Historian Can Keep His Manuscript on Tobacco Studies, Judge Rules





A Florida circuit court has ruled in favor of a Stanford University professor who is trying to keep his unpublished book manuscript out of the hands of tobacco company R.J. Reynolds, which had subpoenaed it as evidence for an upcoming suit.

Historian Robert Proctor plans to testify as an expert witness against tobacco companies in a number of cases brought by smokers in Florida. He is also working on an 800-page book, The Golden Holocaust, which describes, Proctor claims, the shaky scientific rhetoric and bogus clinical studies that tobacco companies used to sell their products. A judge in Volusia County (which contains Daytona Beach) ruled last August that Proctor had to surrender the manuscript, which Proctor says is largely jottings and notes at this point and not ready for other people to scrutinize.

The Volusia case is still pending appeal, but a judge in Duval County (which contains Jacksonville) ruled today that Proctor did not need to surrender The Golden Holocaust for cases in Duval.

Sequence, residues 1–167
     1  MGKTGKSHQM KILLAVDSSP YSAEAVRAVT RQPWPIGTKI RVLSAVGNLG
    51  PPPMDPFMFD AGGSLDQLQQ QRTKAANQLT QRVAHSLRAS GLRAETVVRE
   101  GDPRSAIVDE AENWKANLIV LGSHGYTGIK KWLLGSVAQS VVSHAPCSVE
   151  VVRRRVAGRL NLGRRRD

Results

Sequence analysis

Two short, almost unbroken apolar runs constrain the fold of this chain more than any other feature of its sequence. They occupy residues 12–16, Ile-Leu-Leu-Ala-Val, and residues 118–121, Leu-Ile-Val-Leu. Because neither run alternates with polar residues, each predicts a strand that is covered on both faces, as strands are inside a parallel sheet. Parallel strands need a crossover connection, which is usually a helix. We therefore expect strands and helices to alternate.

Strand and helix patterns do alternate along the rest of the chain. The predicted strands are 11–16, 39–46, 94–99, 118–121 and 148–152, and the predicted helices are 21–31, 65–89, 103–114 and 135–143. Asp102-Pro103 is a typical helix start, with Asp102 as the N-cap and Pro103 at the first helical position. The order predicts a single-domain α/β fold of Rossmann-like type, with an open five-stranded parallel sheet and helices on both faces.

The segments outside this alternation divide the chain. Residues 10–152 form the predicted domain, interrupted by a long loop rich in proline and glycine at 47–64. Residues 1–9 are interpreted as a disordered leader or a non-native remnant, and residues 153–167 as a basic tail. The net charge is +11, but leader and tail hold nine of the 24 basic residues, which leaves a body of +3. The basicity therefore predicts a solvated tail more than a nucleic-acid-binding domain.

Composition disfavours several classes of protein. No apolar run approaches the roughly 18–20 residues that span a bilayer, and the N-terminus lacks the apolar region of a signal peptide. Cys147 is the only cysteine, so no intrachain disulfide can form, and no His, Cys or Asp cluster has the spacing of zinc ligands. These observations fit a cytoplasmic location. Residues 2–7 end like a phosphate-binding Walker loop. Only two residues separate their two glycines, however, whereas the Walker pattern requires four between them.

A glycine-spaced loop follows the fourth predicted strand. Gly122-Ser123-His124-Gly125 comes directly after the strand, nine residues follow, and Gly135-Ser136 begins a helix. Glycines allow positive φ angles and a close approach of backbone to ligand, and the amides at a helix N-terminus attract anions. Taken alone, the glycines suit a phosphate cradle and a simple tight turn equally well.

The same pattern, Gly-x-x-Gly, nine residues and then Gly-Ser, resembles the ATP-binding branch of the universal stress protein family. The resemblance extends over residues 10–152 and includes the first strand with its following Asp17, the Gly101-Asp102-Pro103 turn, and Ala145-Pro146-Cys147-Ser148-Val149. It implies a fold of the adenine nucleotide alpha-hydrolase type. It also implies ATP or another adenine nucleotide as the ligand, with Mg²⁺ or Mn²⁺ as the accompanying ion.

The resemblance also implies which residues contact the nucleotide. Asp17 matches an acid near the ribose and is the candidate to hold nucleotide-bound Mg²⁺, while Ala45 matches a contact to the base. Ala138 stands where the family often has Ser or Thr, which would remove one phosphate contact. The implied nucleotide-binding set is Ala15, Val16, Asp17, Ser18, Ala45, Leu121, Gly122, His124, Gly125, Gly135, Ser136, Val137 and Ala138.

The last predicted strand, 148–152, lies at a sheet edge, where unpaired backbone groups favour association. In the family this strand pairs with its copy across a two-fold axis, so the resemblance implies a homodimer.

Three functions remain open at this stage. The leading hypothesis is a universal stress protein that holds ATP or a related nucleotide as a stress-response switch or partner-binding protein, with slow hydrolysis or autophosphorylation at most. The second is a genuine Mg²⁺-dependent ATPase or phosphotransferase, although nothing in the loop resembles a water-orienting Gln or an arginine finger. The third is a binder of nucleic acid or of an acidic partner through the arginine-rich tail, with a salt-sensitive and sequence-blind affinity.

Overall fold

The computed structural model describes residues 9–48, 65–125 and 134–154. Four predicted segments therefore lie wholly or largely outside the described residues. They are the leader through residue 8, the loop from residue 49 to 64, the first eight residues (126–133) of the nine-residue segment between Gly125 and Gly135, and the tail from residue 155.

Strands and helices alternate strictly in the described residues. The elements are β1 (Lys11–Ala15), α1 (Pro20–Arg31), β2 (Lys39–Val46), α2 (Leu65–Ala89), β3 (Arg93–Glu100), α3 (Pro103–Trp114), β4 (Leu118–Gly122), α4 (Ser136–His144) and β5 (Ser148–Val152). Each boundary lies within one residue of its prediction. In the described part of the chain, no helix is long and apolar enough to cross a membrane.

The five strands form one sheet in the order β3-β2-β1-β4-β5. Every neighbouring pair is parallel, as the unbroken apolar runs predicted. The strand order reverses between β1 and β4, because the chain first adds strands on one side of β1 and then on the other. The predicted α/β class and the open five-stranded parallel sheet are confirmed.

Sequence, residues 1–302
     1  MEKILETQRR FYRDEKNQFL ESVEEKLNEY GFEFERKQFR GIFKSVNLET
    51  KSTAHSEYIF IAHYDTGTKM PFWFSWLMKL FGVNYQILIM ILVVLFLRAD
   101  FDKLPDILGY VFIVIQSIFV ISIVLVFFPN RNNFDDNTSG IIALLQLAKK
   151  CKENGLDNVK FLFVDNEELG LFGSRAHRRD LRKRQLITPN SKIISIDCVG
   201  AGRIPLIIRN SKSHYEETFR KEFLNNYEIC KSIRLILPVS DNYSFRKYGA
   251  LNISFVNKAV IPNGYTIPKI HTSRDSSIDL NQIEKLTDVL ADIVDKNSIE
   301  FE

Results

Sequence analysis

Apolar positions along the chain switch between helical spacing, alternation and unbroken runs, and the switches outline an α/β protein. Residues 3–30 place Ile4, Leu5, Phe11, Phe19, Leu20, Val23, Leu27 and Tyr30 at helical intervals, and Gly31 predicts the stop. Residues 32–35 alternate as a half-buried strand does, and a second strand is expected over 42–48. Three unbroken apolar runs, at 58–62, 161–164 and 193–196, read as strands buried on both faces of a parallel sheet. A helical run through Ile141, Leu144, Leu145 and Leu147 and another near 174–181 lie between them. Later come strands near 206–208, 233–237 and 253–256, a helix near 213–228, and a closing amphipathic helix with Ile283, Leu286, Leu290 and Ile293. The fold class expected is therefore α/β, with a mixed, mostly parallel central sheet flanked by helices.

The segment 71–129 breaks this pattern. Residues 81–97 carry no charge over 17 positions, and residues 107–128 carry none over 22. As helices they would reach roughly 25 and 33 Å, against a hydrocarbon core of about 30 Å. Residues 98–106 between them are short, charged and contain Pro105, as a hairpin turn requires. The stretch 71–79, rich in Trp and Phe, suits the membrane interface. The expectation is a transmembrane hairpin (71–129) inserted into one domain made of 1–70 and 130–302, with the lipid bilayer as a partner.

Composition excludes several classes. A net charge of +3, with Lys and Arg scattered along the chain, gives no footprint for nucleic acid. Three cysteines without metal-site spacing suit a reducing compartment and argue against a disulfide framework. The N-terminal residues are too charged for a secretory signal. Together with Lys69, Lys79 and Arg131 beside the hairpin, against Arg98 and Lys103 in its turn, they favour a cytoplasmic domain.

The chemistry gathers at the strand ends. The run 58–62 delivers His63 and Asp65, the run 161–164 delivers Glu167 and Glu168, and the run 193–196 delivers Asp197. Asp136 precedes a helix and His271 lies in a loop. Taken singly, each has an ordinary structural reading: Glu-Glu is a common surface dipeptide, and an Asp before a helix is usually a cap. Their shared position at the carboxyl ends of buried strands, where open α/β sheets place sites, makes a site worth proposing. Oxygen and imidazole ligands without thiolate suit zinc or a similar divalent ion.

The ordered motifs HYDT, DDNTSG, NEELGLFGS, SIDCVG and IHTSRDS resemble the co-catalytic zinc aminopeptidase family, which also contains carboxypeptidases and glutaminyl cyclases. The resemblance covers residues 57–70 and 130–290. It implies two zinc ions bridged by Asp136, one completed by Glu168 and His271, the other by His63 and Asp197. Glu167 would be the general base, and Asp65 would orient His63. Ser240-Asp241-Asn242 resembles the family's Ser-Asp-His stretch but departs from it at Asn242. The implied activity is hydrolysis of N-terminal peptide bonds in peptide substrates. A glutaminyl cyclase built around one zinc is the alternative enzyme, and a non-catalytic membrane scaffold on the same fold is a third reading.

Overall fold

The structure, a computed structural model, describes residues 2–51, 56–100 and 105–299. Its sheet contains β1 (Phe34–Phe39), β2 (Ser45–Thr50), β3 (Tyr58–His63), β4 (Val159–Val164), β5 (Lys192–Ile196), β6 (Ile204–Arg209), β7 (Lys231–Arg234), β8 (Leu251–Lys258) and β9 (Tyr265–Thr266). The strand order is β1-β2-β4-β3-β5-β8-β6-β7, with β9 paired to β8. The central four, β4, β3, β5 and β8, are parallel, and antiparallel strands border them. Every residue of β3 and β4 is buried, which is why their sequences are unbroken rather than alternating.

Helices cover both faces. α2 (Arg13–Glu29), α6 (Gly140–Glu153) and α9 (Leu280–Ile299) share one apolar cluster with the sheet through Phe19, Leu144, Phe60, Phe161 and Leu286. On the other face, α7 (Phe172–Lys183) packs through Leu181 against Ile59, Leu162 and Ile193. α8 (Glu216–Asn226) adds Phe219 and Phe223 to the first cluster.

The ruling is not technically binding in other counties with pending tobacco cases, but Bill Ogle, a lawyer working on Proctor's behalf, hoped the Duval ruling would have persuasive sway in other counties and help develop a consensus for Proctor's side.

The judge in the Duval case issued the ruling partly to move the case forward to trial more quickly but also, Ogle says, because of the free-speech issues the request for the manuscript raised. A scholar or an author has certain constitutionally protected rights, Ogle says, and they have the right to withhold speech until they see fit to publish. Ogle says he suspects that the friend-of-the-court brief that Stanford University sent on Proctor's behalf helped sway the Florida court, because the decision cited arguments from the brief (though not the brief itself by name).

There is no written record of the decision at this point, but one will likely be available within a week from the Duval Circuit Court.

comments powered by Disqus
History News Network